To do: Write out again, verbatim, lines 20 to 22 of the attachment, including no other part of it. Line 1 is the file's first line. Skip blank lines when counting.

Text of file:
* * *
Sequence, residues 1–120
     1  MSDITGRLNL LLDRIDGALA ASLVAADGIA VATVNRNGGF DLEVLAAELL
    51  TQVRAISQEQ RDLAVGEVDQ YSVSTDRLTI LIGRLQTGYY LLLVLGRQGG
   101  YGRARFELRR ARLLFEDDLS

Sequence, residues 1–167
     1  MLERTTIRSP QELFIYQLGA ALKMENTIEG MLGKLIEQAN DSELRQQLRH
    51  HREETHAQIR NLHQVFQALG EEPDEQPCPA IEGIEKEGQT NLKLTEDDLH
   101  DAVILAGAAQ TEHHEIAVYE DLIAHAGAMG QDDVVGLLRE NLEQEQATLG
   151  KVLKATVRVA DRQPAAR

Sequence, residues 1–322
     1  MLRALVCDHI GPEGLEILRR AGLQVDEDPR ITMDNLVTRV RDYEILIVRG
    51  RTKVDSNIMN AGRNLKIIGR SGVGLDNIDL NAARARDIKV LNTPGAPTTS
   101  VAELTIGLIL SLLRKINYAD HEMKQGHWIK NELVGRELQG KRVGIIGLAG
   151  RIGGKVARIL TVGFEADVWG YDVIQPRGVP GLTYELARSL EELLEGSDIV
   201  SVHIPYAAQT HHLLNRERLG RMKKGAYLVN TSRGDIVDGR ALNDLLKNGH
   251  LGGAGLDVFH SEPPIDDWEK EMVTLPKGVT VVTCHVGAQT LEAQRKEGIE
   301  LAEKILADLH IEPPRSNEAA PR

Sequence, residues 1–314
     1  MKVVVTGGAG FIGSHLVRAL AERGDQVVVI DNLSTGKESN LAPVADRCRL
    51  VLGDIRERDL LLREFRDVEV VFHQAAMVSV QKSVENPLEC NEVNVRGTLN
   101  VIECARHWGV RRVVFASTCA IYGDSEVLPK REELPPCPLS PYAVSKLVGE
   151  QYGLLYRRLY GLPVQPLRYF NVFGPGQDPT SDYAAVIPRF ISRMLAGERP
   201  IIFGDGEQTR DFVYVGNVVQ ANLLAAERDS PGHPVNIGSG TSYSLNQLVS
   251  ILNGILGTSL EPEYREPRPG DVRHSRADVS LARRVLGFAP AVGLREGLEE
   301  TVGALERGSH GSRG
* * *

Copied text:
    51  VLGDIRERDL LLREFRDVEV VFHQAAMVSV QKSVENPLEC NEVNVRGTLN
   101  VIECARHWGV RRVVFASTCA IYGDSEVLPK REELPPCPLS PYAVSKLVGE
   151  QYGLLYRRLY GLPVQPLRYF NVFGPGQDPT SDYAAVIPRF ISRMLAGERP